If Saracens are to be found guilty of the union code's deadliest sin of omission – that of going through entire games of rugby without playing any rugby – prosecuting counsel would be ill-advised to produce the current Heineken Cup statistics as Exhibit A. Five tries at Murrayfield against Edinburgh, last season's semi-finalists; three more in the unusual surroundings of the King Baudouin Stadium in Brussels against the fabulously wealthy Parisians of Racing Métro… this is hardly the strike rate of a team who have had the attacking gene coached out of them.
So what is it about the former English champions – obvious candidates to reclaim the Premiership title in a little over five months' time – that generates so much suspicion and attracts so much criticism? It may have something to do with the powerful South African influence at the club, both in the team and on the board, or reflect the widespread loathing of Vicarage Road in Watford, pretty much the most joyless union venue in Christendom. Or are Saracens unloved because there are so few sins of commission on the charge sheet?
The nomadic tribe from the northern reaches of the capital tend to make a bare minimum of technical errors over the course of their matches and in Chris Wyles they have a player who frequently appears incapable of making any at all. In a back division positively chocker with big names – Owen Farrell and Charlie Hodgson, Brad Barritt and Chris Ashton, Alex Goode and David Strettle – the 29-year-old American is as effective as anyone and a dozen times more important to the side than his low profile would suggest. Does it matter that, amid the glitterati, the only spangly thing about Wyles is the flag to which he swears allegiance?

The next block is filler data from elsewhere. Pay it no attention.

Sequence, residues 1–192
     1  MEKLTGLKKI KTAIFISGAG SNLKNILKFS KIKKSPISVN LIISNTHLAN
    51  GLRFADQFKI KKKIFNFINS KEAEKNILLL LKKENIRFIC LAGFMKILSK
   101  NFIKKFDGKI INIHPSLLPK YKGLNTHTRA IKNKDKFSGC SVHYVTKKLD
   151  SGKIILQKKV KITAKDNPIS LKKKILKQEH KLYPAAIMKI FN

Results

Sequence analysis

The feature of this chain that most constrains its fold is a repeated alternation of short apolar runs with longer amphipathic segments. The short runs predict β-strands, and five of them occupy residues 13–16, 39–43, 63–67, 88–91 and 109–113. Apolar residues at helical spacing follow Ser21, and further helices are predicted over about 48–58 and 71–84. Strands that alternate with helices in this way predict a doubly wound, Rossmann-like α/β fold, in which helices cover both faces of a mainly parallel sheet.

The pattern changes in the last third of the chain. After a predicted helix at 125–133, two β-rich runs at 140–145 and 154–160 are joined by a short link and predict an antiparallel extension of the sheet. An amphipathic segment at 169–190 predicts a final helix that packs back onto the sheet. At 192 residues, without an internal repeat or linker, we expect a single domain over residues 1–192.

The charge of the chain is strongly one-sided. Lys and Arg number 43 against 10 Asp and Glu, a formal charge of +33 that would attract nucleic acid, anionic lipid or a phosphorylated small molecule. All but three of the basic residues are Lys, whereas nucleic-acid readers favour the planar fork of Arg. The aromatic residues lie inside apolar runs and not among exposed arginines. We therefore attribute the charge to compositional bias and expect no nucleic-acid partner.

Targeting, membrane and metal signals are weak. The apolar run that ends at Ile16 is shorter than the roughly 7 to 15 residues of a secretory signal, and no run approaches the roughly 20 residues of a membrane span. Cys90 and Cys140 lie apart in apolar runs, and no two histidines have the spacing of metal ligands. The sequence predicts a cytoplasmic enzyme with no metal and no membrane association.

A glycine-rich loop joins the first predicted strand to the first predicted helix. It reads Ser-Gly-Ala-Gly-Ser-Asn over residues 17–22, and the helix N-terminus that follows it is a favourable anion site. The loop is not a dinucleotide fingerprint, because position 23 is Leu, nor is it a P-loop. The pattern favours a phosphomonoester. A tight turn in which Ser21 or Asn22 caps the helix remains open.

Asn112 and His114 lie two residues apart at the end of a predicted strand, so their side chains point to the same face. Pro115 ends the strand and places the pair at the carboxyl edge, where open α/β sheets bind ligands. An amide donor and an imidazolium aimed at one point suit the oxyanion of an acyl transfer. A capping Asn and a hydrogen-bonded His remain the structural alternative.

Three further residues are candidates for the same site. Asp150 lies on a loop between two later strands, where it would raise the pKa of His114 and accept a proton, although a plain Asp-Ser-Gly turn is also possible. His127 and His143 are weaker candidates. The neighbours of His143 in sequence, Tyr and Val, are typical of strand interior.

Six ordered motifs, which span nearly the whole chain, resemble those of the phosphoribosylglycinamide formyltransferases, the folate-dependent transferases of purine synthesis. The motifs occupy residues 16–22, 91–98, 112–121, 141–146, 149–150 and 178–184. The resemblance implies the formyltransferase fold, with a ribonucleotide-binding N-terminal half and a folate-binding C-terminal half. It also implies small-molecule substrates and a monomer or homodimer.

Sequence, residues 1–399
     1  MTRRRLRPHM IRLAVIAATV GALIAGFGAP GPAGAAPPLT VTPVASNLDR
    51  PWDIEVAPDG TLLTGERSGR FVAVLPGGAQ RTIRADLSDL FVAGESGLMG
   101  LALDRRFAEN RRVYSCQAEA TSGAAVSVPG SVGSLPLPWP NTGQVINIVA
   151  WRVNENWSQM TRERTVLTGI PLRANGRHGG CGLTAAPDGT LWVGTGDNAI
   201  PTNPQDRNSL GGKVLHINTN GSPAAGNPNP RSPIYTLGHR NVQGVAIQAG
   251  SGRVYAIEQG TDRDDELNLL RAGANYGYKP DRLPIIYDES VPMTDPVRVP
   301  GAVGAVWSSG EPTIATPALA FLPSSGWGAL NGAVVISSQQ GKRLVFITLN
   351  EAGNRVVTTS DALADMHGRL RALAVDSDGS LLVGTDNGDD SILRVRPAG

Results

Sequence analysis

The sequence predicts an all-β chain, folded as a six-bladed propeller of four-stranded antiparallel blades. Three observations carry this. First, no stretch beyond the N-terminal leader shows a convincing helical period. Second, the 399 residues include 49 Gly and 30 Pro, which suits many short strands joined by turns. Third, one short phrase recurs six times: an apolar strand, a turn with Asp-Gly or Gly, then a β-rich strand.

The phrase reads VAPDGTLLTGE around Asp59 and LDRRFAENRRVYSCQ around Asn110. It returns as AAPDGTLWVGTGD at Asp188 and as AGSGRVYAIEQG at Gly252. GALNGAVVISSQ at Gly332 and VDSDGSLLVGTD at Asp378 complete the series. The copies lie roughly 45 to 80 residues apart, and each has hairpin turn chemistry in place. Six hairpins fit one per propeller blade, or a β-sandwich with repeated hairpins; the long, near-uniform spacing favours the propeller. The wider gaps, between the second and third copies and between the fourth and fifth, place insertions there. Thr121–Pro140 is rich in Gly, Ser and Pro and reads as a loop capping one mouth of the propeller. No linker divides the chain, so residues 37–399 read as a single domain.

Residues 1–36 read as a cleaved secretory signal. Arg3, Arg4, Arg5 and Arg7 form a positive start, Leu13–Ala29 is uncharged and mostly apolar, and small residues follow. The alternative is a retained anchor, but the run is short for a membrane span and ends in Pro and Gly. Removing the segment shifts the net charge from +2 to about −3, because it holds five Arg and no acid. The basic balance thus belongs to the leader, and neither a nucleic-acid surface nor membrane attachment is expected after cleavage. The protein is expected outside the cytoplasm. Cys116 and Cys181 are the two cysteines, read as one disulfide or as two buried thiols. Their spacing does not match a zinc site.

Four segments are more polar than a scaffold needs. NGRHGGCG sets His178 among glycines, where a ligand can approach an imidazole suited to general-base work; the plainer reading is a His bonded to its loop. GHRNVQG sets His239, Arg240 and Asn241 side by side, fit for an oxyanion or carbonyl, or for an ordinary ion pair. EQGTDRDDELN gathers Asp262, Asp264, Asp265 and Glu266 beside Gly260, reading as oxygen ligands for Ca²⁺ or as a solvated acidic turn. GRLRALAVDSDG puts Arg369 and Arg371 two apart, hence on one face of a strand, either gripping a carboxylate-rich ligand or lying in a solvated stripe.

"I don't want to be seen just as a safe pair of hands," he says in response, although his coaches will readily settle for that this evening when Saracens square up to Munster in a highly significant Heineken Cup match at Thomond Park. "I do pride myself on my consistency, but I love running with the ball in my hands, just like any other back-three player. Do I get the chance to do that at Saracens? Sure I get the chance. Perception in rugby is an interesting thing: people come out with all sorts of stuff without really understanding what's going on. I don't deny we're a pragmatic team when we need to be, but is that a crime? Ultimately, we're there to win games. This is a sport that demands so much in terms of effort and sacrifice, there's not much fun to be had in losing. A huge percentage of the enjoyment I take from what I do is in winning.
"Our criticism of ourselves would be that we're not clinical enough, often enough, when it comes to taking the opportunities we create. There is a very fine line between the games against Edinburgh and Racing Métro, when we scored quite heavily, and matches where our scoring was much lower. It's not as if we change our game from week to week: the truth is that sometimes we're simply not accurate enough to finish what we start. Our job is to improve that side of our rugby."